This section is from the book "Materia Medica And Therapeutics Inorganic Substances", by Charles D. F. Phillips. Also available from Amazon: Materia medica and therapeutics.
M. Boinet relates a severe case of double ophthalmia and scrofulous catarrh, which had lasted for thirteen months when admitted into the St. Louis Hospital, but was relieved; and, in a few weeks, cured by the constant employment of an iodine lotion and nasal injection. I began to use this treatment in such cases many years ago, and often had excellent results.
In the ophthalmia of new-born children, and also in the epidemic and the gonorrhoeal forms of the disorder, solutions of nitrate are extremely valuable, though they often cause severe pain for a time. The lids should be separated and the eye cleansed by a stream of tepid water, and in acute, not very severe cases, a few drops of a solution (2 to 5 gr. in 1 oz.) should be instilled - in very severe cases with chemosis, a strength of 20 or 30 gr. in the ounce may be employed once or twice daily, but should be followed by a syringeful of plain water, or of weak salt-solution, in order to neutralize any excess of nitrate (v. p. 23). In chronic cases, especially when scrofulous in character, with thickened conjunctiva, photophobia, lachrymation, etc., the solid stick may be lightly used to the lids with advantage; but in all cases the liability to discoloration must be remembered, and the remedy not be used too often nor too long; when ulceration is present, or the membrane not entire, other remedies should be preferred.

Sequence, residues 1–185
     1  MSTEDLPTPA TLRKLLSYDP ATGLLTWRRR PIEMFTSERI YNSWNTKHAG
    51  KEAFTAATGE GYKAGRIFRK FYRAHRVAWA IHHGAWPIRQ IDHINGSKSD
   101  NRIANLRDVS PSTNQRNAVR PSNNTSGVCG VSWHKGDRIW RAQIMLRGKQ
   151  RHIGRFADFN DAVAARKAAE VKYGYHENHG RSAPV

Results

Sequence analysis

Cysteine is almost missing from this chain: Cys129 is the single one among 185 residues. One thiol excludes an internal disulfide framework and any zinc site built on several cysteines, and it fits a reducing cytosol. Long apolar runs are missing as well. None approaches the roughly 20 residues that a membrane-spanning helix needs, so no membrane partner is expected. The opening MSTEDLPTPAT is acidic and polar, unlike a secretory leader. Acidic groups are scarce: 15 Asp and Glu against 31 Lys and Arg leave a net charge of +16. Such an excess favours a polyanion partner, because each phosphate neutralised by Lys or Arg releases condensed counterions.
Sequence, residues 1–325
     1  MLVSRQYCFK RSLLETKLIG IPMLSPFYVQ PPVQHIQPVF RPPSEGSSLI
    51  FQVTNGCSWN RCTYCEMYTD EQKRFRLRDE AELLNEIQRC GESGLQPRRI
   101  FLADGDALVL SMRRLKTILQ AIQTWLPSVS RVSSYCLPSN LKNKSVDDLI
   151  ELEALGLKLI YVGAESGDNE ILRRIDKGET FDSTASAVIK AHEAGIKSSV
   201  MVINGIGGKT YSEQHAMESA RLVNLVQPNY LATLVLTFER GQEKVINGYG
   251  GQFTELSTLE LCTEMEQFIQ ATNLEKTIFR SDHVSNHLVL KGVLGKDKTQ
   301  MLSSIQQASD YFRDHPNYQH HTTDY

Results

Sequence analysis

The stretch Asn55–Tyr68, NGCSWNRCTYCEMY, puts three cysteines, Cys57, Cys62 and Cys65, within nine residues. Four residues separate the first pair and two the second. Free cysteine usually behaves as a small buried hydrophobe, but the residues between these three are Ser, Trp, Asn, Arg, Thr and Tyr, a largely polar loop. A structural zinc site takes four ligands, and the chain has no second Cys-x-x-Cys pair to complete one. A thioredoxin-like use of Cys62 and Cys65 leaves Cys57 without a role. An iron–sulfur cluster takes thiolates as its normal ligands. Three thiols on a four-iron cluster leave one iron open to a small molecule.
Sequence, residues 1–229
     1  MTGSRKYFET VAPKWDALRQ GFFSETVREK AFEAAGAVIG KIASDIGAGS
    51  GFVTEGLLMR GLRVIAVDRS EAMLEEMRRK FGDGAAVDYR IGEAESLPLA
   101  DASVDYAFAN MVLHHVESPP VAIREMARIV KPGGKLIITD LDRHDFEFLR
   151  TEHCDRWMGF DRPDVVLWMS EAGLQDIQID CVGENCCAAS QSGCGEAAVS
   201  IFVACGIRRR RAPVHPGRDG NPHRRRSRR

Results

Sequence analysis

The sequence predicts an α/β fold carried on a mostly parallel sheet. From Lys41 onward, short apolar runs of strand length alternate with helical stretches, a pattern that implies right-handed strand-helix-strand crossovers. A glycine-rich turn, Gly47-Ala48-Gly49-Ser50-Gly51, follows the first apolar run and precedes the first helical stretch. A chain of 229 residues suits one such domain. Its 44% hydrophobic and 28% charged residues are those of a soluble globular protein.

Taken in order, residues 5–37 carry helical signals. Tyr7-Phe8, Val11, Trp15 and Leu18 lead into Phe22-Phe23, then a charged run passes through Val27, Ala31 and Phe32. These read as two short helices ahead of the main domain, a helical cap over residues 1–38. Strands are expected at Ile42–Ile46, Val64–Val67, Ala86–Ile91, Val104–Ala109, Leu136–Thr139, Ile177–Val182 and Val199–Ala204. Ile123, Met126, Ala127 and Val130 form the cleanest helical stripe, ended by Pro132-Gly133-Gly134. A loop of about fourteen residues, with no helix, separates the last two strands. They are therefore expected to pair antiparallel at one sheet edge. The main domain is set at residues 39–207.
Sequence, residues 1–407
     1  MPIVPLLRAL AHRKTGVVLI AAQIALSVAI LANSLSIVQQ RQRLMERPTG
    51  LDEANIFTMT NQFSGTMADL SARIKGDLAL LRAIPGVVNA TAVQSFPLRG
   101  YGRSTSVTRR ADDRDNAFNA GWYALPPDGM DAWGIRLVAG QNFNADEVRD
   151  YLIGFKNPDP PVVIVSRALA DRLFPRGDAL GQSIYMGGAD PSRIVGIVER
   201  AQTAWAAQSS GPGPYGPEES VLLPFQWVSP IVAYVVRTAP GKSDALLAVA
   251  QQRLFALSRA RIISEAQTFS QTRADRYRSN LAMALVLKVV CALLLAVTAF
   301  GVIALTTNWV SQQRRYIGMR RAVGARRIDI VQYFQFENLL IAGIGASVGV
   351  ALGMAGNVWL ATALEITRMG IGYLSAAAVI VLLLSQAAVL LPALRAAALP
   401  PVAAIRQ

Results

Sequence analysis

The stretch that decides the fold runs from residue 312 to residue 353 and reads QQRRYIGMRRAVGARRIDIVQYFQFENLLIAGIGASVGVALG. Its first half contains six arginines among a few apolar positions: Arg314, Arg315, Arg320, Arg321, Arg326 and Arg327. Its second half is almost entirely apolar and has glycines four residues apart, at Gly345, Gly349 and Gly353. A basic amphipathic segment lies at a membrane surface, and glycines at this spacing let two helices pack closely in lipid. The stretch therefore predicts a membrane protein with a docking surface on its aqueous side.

Otorrhoea, with perforation of tympanum and with tendency to formation of polypus, is best treated by touching the tympanic mucosa with a concentrated solution of the nitrate: the discharge should be daily removed by ordinary antiseptic lotion.
Bathing with ferric lotions and painting with the tinct. ferri have proved useful in chronic purulent conditions of the conjunctiva, and similar treatment has sometimes dispersed corneal opacities and healed scrofulous corneal ulceration (Gazette des Hopitaux, February, 1862).